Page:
17 pages 34 minutes read

Sojourner Truth

Ain't I A Woman

Nonfiction | Essay / Speech | Adult | Published in 1851

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Symbols & Motifs


Much of Truth’s speech focuses on the physical and emotional strength of women. As a former enslaved person, Truth performed hard labor and withstood physical pain. In her address, she references this personal history: “I have ploughed and planted, and gathered into barns” (Paragraph 2). Truth aims to prove that women possess physical strength. Prejudices about the supposed weakness of women should not be a basis for denying equal rights.

Truth also recounts her suffering as a mother. She states: “I have borne thirteen children, and seen most all sold off to slavery, and when I cried out with my mother’s grief, none but Jesus heard me” (Paragraph 2). Considering that motherhood was a key feature of womanhood in American society at the time, Truth’s reference to her experience as a mother establishes her similarity to other women, especially the white women in her audience.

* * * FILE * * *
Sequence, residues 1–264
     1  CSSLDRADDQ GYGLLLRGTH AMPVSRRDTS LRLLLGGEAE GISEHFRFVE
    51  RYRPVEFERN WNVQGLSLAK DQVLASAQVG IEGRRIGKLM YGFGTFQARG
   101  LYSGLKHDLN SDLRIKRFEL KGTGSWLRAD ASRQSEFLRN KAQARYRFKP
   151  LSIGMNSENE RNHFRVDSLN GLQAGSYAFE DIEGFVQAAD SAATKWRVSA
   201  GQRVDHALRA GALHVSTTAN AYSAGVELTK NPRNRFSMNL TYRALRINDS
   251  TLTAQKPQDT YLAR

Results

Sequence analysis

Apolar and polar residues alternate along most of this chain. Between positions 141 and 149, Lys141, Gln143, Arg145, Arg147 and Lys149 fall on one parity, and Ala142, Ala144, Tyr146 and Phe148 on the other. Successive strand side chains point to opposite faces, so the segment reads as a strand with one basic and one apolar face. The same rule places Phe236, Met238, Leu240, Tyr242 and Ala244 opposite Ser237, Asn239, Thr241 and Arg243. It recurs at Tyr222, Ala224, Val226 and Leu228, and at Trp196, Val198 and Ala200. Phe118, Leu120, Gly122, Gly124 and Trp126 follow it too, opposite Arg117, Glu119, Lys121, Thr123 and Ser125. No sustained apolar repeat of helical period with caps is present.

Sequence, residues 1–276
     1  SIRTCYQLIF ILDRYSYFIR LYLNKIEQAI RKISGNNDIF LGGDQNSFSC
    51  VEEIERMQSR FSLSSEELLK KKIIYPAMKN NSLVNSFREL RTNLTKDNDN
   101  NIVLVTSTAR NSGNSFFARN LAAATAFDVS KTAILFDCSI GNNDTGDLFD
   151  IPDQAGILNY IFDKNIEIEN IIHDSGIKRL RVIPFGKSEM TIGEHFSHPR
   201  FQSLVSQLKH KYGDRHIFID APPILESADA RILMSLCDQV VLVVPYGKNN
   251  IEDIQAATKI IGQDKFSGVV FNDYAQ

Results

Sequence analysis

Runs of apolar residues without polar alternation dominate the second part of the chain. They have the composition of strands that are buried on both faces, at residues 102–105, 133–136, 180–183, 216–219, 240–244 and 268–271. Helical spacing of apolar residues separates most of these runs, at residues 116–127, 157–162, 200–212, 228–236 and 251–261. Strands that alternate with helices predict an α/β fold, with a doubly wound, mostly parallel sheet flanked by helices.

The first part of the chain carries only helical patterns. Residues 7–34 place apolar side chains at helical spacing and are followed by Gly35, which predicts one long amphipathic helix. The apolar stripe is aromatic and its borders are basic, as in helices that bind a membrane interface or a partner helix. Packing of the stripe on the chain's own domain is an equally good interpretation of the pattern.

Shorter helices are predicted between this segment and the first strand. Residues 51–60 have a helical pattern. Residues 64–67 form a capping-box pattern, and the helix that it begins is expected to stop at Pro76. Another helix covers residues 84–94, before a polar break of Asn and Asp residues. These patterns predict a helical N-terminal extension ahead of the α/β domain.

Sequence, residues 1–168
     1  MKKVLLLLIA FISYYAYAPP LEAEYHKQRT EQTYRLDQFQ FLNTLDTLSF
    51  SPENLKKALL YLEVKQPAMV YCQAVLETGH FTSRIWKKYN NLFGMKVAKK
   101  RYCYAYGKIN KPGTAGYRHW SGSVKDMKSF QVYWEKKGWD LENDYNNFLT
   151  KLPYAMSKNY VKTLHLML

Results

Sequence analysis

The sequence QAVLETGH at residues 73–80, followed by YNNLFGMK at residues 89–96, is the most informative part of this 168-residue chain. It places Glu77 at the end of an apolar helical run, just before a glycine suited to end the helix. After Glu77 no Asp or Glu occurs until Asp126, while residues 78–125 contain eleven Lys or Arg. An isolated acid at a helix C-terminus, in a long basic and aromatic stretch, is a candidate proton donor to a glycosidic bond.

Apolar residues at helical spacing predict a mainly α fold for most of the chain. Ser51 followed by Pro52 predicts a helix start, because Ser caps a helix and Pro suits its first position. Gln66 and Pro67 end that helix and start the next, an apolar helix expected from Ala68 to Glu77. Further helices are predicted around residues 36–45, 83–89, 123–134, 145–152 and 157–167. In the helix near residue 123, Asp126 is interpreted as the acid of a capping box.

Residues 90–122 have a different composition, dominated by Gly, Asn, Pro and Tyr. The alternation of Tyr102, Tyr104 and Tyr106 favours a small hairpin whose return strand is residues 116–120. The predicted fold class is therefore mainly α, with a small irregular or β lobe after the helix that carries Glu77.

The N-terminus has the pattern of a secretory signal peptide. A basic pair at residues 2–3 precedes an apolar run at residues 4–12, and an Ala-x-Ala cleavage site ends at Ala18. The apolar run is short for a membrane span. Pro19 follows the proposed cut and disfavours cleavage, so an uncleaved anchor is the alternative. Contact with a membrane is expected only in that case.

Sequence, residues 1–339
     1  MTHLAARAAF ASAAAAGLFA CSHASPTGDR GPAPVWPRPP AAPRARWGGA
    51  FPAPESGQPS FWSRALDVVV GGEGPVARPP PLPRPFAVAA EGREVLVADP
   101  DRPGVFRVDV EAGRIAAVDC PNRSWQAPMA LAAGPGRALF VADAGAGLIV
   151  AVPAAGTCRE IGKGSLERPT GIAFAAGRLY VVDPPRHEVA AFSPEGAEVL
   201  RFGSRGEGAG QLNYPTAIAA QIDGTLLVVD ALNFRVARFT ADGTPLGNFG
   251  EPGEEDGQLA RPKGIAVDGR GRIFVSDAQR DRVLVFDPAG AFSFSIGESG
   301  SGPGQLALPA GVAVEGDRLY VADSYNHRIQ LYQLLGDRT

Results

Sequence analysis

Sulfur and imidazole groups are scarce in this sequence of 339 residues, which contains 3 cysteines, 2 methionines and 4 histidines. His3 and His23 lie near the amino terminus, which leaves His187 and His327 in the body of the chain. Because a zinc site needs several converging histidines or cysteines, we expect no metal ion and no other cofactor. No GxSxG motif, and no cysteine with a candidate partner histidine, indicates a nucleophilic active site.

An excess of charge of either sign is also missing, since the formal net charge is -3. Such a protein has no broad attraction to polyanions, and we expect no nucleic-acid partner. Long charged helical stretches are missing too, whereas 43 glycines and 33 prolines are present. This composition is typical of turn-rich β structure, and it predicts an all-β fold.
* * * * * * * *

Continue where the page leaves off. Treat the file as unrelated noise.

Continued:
Pints and Quarts

Truth uses the symbols of pints and quarts to create a visual representation of the rights and resources suffragettes are calling for. She argues that women are only asking for what they can already “hold” (Paragraph 3), which is less than a man currently holds. She states that women want only a “half measure full” (Paragraph 3) compared to the quart that men have.